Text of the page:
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Since its inception, the Foresight Institute has promoted interdisciplinary dialogue as the best road to the development of nanotechnology. Its well-known efforts at nanotechnology — including the annual Foresight Institute conference, now in its 11th year — have been wildly successful. In the eclectic science that marches under the standard of ³nanotechnology,² no forum is more all-embracing, more driven toward progress, and, perhaps, more idealistic than the annual Foresight Institute conference.
Unsurprisingly, given its tremendous potential for development, nanotechnology is exciting the imaginations of younger scientists, engineers, and entrepreneurs in particular. The foundations of our future are being forged in the present. We are right to begin our involvement early.
This fall, for the first time in its history, the Foresight Institute conference will feature a special component for graduate and undergraduate students. In order to exchange ideas, share experiences, and make valuable contacts, student attendees will have the chance to participate in networking activities, including an evening gathering and a roundtable discussion with Ralph Merkle, where he will share his insights about embarking on a career in nanotechnology.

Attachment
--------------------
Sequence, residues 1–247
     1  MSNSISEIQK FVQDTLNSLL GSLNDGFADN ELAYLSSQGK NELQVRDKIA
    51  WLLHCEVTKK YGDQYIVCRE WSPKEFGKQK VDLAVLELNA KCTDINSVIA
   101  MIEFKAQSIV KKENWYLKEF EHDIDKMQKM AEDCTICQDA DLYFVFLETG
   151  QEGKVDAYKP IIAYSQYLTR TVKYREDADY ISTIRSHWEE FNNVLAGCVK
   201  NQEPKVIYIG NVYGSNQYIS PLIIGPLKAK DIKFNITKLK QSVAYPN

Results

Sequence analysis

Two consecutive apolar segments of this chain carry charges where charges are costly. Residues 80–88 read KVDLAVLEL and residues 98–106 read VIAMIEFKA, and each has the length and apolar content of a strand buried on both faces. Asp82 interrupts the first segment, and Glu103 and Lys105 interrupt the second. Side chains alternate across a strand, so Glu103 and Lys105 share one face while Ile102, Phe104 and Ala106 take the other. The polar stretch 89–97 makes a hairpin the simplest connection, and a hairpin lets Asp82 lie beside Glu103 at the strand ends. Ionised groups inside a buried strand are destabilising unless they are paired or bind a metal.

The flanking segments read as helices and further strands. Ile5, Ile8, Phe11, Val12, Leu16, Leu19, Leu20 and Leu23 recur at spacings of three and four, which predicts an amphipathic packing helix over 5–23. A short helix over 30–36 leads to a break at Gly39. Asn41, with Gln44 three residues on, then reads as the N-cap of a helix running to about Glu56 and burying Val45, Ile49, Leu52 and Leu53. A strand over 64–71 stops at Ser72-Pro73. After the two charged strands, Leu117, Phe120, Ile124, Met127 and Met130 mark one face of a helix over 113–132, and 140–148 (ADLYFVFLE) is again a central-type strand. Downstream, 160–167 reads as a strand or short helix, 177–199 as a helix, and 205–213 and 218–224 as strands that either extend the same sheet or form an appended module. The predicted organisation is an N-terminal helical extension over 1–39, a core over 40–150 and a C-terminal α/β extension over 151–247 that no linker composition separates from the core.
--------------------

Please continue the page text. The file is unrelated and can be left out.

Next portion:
As an undergraduate attending my first Foresight conference, I was captivated by the sheer energy of the proceedings. The talks, the people, and the impassioned debates all exuded something about our future that was fantastically awe-inspiring. For students — the rising leaders of the coming nanotechnology revolution — participating in the Foresight conference is an unparalleled opportunity to connect with the creative thrust of modern progress. Ultimately, if we are to lead tomorrow in science, we must lead today in ambition.
I look forward to meeting you in October.
Jordan Paul Amadio
Department of Physics
Class of 2005